NSW accused of fatigue bias

General freight carriers have been hit with onerous reporting requirements under fatigue management, but NSW Government exempts primary producers

NSW accused of fatigue bias
NSW accused of fatigue bias
By Brad Gardner

Local NSW trucking operators have been hit with a significant reporting burden under the State’s fatigue laws, but primary producers operating heavy vehicles have been let off.

The Rees Government has released its regulations governing fatigue management, which puts the onus on general freight carriers to meet a number of measures in return for being exempted from filling out a logbook within 100km of their depot.

Drivers will need to list personal and vehicle details, work and rest times, vehicle destination and pay records even if they travel as few as 50 metres from their base.

Furthermore, these records will need to be kept for at least three years, enable enforcement officers to easily access them and must be capable of being used as evidence if necessary.

Primary producers, however, have been exempted, leading the Livestock and Bulk Carriers Association (LBCA) to question if the Government has bowed to pressure from the farming industry.

LBCA Executive Director Andrew Higginson has blasted the decision, saying it is "absurd" because it marginalises a section of the industry and has the potential to pit operators against each other.

"There are fundamental issues as to how they approached the exemption issue," Higginson says.

"There is no equality."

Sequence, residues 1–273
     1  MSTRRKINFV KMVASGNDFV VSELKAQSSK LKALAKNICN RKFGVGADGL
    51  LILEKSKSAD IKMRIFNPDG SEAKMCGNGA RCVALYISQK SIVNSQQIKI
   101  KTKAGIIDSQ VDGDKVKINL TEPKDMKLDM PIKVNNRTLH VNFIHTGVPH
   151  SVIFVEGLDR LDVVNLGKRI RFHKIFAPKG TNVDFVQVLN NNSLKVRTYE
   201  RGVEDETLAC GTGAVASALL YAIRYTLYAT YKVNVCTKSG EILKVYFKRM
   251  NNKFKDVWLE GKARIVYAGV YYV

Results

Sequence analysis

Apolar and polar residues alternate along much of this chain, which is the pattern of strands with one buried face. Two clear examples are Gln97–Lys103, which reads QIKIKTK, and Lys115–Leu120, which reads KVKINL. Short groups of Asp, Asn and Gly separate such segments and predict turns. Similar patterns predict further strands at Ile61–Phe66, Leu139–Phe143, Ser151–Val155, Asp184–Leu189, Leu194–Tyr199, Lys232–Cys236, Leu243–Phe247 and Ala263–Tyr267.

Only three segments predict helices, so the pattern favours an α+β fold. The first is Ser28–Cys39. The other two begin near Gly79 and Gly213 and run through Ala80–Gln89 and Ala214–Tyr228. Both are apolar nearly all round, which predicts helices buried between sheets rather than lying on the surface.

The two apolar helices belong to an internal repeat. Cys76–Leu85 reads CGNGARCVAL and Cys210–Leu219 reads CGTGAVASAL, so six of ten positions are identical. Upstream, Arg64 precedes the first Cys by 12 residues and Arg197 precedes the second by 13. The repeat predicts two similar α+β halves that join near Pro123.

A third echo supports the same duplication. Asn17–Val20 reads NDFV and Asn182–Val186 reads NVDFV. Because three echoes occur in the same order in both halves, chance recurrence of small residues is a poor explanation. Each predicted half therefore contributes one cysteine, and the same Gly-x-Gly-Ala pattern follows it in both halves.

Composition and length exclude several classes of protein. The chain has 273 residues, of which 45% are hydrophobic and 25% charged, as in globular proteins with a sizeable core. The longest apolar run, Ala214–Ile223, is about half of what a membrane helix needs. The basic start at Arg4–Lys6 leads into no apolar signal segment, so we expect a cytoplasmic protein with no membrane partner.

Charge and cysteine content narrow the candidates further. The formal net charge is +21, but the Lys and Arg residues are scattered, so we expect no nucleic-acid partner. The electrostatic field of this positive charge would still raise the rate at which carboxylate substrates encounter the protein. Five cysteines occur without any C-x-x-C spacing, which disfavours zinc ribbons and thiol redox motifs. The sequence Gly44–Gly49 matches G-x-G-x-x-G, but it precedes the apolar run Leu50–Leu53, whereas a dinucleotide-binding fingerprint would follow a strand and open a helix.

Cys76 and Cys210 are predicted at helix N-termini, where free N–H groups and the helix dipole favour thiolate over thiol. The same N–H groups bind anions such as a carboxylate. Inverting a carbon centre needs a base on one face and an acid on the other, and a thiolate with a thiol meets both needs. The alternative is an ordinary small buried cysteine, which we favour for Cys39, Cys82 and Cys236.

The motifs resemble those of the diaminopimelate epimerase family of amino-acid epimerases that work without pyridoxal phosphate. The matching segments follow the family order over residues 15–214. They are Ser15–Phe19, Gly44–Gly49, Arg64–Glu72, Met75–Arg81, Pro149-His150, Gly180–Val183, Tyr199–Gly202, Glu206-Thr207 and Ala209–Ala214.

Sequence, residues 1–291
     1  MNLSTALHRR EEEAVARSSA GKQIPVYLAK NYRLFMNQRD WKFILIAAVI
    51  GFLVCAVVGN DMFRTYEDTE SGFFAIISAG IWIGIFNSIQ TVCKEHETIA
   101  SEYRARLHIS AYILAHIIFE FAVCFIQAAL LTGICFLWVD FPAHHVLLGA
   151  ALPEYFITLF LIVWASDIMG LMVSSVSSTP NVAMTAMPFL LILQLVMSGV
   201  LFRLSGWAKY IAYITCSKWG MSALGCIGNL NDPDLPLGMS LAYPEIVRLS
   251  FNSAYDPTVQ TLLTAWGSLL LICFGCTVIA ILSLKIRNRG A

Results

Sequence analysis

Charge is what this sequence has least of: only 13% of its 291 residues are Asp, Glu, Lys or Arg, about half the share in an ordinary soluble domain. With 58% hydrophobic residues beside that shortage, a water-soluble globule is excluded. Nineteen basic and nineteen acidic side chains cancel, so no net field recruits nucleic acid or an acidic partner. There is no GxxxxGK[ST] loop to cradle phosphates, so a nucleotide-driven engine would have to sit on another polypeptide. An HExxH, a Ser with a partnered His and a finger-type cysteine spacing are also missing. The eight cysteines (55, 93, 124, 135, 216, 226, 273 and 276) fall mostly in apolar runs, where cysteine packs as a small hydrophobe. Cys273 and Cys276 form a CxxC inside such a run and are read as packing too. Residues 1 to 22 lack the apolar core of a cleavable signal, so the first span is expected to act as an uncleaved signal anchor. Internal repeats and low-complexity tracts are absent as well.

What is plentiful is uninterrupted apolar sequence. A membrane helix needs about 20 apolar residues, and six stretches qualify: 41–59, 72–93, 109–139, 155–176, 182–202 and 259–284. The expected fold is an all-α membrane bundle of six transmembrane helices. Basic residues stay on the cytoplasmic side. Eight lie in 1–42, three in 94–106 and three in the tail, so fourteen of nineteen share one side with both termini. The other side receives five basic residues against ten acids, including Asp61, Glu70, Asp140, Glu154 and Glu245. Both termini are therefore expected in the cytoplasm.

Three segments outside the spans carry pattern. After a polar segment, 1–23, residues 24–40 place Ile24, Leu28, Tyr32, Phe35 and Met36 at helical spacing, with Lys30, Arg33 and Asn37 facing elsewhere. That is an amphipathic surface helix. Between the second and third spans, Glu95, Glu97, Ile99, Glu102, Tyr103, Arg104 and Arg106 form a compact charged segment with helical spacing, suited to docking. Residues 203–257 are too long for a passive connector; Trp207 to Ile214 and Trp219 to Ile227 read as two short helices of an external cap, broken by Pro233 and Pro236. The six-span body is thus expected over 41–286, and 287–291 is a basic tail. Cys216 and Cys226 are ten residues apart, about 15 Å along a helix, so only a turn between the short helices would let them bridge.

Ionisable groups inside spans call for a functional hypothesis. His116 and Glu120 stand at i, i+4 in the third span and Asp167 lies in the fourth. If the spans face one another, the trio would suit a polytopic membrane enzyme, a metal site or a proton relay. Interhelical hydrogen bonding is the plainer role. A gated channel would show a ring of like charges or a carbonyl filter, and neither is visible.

Higginson has contacted Minister for Roads Michael Daley’s office to ask why one sector should be treated differently from the other. However, he is yet to receive a reply.

Higginson says the trucking industry was not consulted before the regulations took effect, and has accused the Roads and Traffic Authority (RTA) of attempting to enforce arduous regulations.

"I think the RTA has tried to make it as hard as possible," he says.

Higginson also wants an independent review into fatigue management laws to determine why the lead-up to the new regime was plagued with uncertainty, a lack of planning and consultation.

He also wants a guarantee associations will be involved in peer review sessions and discussions about any future reforms before they are foisted on the industry.

Similar to the Victorian Transport Association (VTA), the LBCA wants assurance major reforms will include a year-long transition period, and any new reforms are gazetted at least eight weeks before they are introduced.

"We have got to have considered thought on this," Higginson says.

As previously announced by Daley, primary producers have also been granted a more lenient exemption as they will not have to keep work diaries as long as they operate within 160km of their base.

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